Thursday, September 01, 2005

Scoping in Fuxing Park

Fuxing Park is a little off Huaihai Road, one of the big yuppie shopping streets. It was set up by the French when there were still foreign concessions. The park was a little familiar to me even before arriving in Shanghai, because actors playing Wong Fei-hung (perhaps Jet Li or Jackie Chan) always get bug eyes when they see the sign in the park saying "No Dogs or Chinese allowed."

The park is my favorite part of Shanghai to just kick back and scope. I like how people do what they want, and others don't give them stink about it. You'd think that just through the sheer number of people doing weird things in a close space there would be some problems, but everybody is pretty cool about it.

The first thing you notice, especially if you go in the morning, is a number of people doing exercises. This is mostly going through tai-chi routines, either in a group or as an indivisual. Similarly, you often see people practice stretching, doing yoga, or practicing grappling. My favorite is the people who walk around backwards. It's supposed to be good for the health, I'm not sure on the reasoning.

You'll also see one of those weird phenomenon of Shanghai: teenagers apparently go to crowded public parks and American fast food restaurants to make out.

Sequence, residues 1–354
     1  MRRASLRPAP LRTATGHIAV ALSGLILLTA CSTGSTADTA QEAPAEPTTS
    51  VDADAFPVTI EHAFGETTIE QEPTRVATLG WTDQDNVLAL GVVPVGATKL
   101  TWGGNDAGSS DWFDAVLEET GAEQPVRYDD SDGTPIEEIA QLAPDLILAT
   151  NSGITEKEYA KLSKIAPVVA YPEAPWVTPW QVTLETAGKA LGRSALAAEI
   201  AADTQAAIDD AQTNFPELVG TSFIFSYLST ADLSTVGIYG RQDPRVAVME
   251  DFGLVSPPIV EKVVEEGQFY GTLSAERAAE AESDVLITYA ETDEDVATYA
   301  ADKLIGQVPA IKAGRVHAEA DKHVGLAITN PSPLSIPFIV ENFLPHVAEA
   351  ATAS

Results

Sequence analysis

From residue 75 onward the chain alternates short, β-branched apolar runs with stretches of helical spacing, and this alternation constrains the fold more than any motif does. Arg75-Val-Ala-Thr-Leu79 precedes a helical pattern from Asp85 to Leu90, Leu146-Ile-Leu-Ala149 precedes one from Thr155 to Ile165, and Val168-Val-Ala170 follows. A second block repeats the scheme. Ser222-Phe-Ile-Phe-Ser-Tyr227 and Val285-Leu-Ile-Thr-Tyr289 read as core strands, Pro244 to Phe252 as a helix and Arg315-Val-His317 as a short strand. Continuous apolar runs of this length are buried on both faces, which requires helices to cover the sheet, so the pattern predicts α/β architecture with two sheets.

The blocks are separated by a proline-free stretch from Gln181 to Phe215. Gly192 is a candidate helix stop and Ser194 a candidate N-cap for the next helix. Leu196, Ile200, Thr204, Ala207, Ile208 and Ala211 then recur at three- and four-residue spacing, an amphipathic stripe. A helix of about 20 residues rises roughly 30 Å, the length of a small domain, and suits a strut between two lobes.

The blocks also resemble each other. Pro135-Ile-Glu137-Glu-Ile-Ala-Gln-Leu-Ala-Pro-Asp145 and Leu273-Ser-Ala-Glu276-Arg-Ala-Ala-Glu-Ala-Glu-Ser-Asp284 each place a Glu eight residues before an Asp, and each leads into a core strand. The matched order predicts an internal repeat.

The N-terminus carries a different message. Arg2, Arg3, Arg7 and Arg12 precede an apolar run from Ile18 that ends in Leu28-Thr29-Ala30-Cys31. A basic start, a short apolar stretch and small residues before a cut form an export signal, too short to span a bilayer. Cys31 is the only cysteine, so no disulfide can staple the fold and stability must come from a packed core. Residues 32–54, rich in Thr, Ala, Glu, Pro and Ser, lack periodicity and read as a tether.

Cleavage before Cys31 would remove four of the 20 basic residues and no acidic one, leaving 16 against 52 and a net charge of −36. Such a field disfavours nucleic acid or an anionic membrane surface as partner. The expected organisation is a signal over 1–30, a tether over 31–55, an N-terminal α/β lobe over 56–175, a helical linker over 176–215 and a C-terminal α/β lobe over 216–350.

Another important difference from the US is that, like most other Shanghai Parks, you're only allowed on the pathways. If that seems unusual, there's more a reason to all the parks than as a place to relax. Shanghai is a heavily populated city in a warm area, so the greenery is there to keep down the pollution and heat build-up. I read that Shanghai is 35% green, and is aiming for 40%. Trees dominate many parks, and Fuxing is one of the few with such a large amount of flowers, gardens, and fields.

Heading to the center of the Park, you can see just how heavily this park is used. A number of older people just hang around in groups. They don't seem to say much, though. There's also lots of tables with people playing poker and mahjong.

Loudspeakers are set up throughout, and it's very popular for couples to practice their ballroom dancing. Different groups will have different songs playing, each with their different rhythm. It seems confusing but I didn't see any toes getting stepped on.

Right next to this is several groups of singers. It would be really cool if they were singing about the movie "2046," but that's only on the back side of the board, the front side has lyrics.

Somehow in the middle of it all, people practice their badminton, or even net-less tennis. They're actually pretty good. More intense is the people practicing their swordfighting, although it's not so common a sight.

There's a few buildings around the park. Near the south side are some restaurants, and at night there's a club that spins hip-hop and promises free drinks for women in Office Lady get-up.

There's also a jungle gym for the kids, and a small amusement park with a few carnival-type rides.

And there's the really cool statue of Marx & Engels, although I showed a picture recently and won't show it here. There's other smaller statues around, mostly classical-esque, like you might see in an English garden.

A final word: Fuxing Park isn't really atypical, but each park has its own characteristics, and Fuxing is much busier than most. Just a few minute's walk North is another much quieter park, basically empty except for a few people studying or eating on the benches.

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